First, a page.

Sears Canada Inc. will liquidate its assets and begin to “wind down” after its board rejected a business plan proposed by the company’s top executive, The Wall Street Journal reports.
The board’s decision to liquidate most of the Canadian retailer’s assets comes after Brandon Stranzl, the executive chairman of Sears Canada, was unable to garner support for a private-equity-backed deal. He proposed a leaner version of the company that would have enabled it to emerge from bankruptcy and saved approximately 8,000 jobs.
Since 2014, the company has been operating at a loss and in June, it filed for bankruptcy protection. In the company’s annual financial report, it expressed “significant doubt” regarding its ability to continue operating. Sears Canada’s approximately 13,000 employees were told Tuesday that most will lose their jobs.
“Following exhaustive efforts, no viable transaction for the company to continue as a going concern was received,” Sears Canada says in a statement. “The company deeply regrets this pending outcome and the resulting loss of jobs and store closures.”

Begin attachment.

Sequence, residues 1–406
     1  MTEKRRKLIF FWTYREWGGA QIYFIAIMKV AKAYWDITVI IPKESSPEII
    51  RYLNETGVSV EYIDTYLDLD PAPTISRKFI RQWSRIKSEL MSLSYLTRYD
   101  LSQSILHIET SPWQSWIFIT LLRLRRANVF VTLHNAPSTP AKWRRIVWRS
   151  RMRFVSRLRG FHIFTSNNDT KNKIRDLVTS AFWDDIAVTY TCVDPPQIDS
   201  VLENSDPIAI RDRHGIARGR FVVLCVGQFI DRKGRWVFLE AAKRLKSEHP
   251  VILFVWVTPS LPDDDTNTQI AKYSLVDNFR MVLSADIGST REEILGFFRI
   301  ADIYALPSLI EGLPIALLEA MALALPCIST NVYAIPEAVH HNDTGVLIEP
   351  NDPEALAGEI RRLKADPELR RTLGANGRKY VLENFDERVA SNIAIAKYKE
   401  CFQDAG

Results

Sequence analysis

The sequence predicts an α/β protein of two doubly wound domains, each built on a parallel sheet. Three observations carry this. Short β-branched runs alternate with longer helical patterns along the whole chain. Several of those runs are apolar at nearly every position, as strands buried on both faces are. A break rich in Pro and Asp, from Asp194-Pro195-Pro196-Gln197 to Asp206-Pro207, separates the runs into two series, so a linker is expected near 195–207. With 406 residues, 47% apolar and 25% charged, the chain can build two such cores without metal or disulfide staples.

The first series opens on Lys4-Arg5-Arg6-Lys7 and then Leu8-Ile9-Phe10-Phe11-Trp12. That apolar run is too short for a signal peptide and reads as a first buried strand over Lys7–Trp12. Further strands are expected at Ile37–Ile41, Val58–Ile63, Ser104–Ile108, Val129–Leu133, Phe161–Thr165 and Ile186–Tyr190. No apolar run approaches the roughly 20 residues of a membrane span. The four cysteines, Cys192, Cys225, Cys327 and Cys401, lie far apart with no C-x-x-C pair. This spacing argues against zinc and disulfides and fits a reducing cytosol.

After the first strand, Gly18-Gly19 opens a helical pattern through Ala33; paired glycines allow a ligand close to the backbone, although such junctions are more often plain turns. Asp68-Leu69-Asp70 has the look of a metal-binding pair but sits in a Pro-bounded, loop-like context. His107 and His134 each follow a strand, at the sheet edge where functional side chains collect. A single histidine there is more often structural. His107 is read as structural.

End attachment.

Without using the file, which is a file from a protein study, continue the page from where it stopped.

The Ontario Superior Court of Justice is scheduled to hear Sears Canada’s liquidation request on Oct. 13. If the company’s request is approved, liquidation sales could begin as early as Oct. 19 and continue for 14 weeks, the article states.
Sears Canada was once “one of the largest multiformat retailers in Canada,” the Journal reports, but it struggled to compete against long-standing Canadian brands like Hudson’s Bay Co. According to the article, it faced a public relations backlash after it paid roughly $6 million in bonus payments to executives but did not provide severance to laid-off employees.
The board of Sears Canada rejected Stranzl’s proposed business plan based on concerns that it would take too long to implement and might not be ready in time for the holiday shopping season. The board decided ultimately to approve a liquidation plan that will sell most of the retailer’s assets for roughly $240 million, the Journal reports.